Bluebonnets are the iconic Texas wildflower that generally bloom in March and April. Lesser known wildflowers usually bloom later in spring and can be just as impressive, especially in years that have good rainfall. This past spring was average at best for bluebonnets in the Hill Country, but the other wildflowers are the ones that have really put on a show in May. Firewheels, greenthread, bitterweed and many others have been blooming in great numbers this year due to all the rainfall brought by El Nino. I will be posting continued updates as spring progresses of which wildflowers are in bloom and where. I’ve also updated my New Work gallery with pictures of Texas Wildflowers from the current spring season.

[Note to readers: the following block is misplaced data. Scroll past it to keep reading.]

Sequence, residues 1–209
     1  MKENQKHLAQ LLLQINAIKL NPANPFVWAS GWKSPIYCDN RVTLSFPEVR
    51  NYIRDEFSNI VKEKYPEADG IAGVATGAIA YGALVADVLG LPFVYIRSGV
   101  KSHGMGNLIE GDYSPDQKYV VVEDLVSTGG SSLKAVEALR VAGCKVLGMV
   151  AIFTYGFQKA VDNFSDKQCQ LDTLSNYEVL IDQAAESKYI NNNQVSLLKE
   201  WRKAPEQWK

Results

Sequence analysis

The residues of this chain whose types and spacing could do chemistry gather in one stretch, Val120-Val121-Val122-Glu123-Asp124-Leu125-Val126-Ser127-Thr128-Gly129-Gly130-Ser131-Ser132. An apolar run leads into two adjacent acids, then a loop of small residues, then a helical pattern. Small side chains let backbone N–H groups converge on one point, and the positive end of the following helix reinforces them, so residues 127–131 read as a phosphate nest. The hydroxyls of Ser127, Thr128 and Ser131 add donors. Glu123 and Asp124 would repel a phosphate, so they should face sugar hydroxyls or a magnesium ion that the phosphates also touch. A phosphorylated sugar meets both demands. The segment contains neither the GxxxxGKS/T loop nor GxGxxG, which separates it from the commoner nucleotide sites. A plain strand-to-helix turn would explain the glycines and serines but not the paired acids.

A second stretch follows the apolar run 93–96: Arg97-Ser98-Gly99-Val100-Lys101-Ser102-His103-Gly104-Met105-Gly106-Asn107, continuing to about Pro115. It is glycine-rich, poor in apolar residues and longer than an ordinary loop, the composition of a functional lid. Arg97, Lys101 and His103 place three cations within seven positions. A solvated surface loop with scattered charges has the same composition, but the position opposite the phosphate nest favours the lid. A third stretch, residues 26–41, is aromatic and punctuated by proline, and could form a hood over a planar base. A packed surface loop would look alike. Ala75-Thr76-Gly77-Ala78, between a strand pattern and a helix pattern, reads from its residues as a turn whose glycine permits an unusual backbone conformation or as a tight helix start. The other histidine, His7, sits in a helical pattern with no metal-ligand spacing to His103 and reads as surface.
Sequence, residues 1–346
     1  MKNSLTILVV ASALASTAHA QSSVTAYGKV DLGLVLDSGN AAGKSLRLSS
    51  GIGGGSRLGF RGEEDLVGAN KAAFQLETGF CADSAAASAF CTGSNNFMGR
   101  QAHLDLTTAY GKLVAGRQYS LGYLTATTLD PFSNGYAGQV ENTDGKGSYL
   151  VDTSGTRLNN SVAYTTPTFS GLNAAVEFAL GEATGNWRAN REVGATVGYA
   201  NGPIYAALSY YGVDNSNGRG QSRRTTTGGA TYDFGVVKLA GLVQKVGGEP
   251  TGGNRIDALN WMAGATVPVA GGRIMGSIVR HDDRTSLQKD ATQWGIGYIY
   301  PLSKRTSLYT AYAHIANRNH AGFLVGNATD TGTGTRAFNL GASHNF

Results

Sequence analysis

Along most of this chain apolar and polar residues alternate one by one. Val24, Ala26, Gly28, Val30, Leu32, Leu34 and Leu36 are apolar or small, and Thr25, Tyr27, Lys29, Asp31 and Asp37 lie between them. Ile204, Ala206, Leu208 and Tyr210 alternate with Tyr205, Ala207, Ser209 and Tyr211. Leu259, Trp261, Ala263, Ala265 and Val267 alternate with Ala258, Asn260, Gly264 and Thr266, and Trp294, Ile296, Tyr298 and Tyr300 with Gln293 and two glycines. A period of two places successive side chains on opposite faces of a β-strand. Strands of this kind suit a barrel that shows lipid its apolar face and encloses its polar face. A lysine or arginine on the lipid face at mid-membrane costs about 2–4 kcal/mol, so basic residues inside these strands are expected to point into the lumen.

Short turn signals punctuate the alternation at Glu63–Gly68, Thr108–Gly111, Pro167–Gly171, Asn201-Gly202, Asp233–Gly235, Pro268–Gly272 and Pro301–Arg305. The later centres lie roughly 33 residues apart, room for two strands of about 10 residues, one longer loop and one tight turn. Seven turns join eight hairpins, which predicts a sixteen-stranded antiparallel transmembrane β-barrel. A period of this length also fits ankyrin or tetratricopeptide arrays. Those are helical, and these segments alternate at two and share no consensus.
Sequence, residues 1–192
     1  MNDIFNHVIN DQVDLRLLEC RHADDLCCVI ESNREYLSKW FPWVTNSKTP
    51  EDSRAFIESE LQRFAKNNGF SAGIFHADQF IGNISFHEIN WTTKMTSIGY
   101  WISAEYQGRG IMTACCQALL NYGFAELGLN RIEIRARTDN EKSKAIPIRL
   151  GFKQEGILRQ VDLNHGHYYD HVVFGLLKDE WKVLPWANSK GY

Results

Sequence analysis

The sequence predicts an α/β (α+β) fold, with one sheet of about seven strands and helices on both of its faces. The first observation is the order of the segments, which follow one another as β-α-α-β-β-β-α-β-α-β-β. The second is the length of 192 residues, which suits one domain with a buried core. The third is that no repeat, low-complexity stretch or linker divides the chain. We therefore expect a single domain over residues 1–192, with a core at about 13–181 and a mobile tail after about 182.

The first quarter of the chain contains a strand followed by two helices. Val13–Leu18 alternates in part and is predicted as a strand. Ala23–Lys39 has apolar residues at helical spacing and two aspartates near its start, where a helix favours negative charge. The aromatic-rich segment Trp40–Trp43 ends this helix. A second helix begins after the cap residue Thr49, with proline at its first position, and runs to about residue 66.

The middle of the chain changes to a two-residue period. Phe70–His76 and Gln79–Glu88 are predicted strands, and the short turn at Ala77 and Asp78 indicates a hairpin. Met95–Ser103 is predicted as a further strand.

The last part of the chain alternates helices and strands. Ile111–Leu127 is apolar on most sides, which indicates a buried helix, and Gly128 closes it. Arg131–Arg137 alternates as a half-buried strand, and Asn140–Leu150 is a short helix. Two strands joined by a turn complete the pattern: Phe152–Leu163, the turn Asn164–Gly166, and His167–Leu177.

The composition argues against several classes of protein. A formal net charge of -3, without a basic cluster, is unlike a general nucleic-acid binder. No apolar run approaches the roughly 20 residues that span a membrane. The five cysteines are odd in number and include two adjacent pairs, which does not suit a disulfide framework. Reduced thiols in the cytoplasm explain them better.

We’ve had a roller coaster ride of temperatures over the last several weeks that included many days of above normal spring-like weather. That has come to an abrupt end with colder than normal temperatures forecast through the weekend. The warmer weather did, however, cause some trees to start blooming and put on new leaves. The only native trees spotted in the Austin area that have begun to bloom are redbuds and mountain laurels.
Invasive weeds are blooming already including invasive mustard and pin clover. The landscape is becoming much greener as well with grasses waking from their winter slumber. Native annuals should be starting to bloom soon, but it is unclear how the recent temperature extremes will impact the bloom. I will begin scouting trips to find the best wildflower displays the first weekend of March. Visit my website for more information.